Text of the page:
Thursday, February 25, 2010

The Hand of Providence, and a Touching Moment

Dear compassionate and caring readers,

A few months ago I found a new interest, thanks to a chance passing of a poster at our local YMCA. I learned that Providence Hospital here in Everett has an impressive number of ways to volunteer in their hospice program - everything from setting up fund-raising events to reading to a patient, from riding a motorcyle to vacuuming a house, from sewing quilts to keeping vigil while a patient passes away.

This opportunity to be part of alleviating the pain in someone's last few months, weeks, days, or minutes on earth found a certain place in my heart and intrigued me, so I attended an informational session and started gathering information on how I could be of help. (For those of you who are similarly interested - there are many ways to help and I can give you more information if you wish.)

I found they are in desperate need of sewing materials for pillows, lap quilts, blankets, mattress pads, and hospital gowns, and I posted a Facebook status asking if anybody had old clothing/sheets/shower curtains/batting/stuffing. I got several responses and I am so excited! I'm so grateful to those of you who are graciously donating materials - it means the world to somebody. The volunteer coordinator told me that their volunteer sewing teams will bring in bags of pillows, gowns, et cetera for the patients in one morning, and they'll be gone in a matter of hours.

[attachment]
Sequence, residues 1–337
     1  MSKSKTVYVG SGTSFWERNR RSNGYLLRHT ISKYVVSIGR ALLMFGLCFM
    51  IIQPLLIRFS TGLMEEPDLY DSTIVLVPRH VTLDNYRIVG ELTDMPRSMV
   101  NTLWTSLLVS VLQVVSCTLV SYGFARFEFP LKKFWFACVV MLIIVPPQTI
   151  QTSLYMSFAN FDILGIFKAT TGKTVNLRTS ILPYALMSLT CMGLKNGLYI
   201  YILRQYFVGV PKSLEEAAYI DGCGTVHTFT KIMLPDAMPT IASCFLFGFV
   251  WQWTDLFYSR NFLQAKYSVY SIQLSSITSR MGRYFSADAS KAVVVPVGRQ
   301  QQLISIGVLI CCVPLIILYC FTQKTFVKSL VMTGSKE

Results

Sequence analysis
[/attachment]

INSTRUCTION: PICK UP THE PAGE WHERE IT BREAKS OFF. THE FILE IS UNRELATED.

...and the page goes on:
At the informational session I attended, I sat next to an elderly woman whose husband had recently passed away. She was 87 years old (and didn't look a day over 70, at least, with soft skin and a sprightly step) and her husband had passed away in October. She said, "I'm not ready to help with hospice patients yet, but I would like to do office work. I appreciate so much the help you gave me during his illness before he passed away, and I would like to give back somehow."

As we left that evening to return to our cars, a tiny vignette played out that in a single instant spoke to me of both her fresh loss, and her many years of marriage and companionship. It broke my heart, but on the other hand I was reminded that as they say, the only thing better than new love is old love.

We walked out the front door, and she said goodnight and went to her car. Pausing at the passenger door, she said quietly to herself, "Oops - wrong side again."


Mrs H
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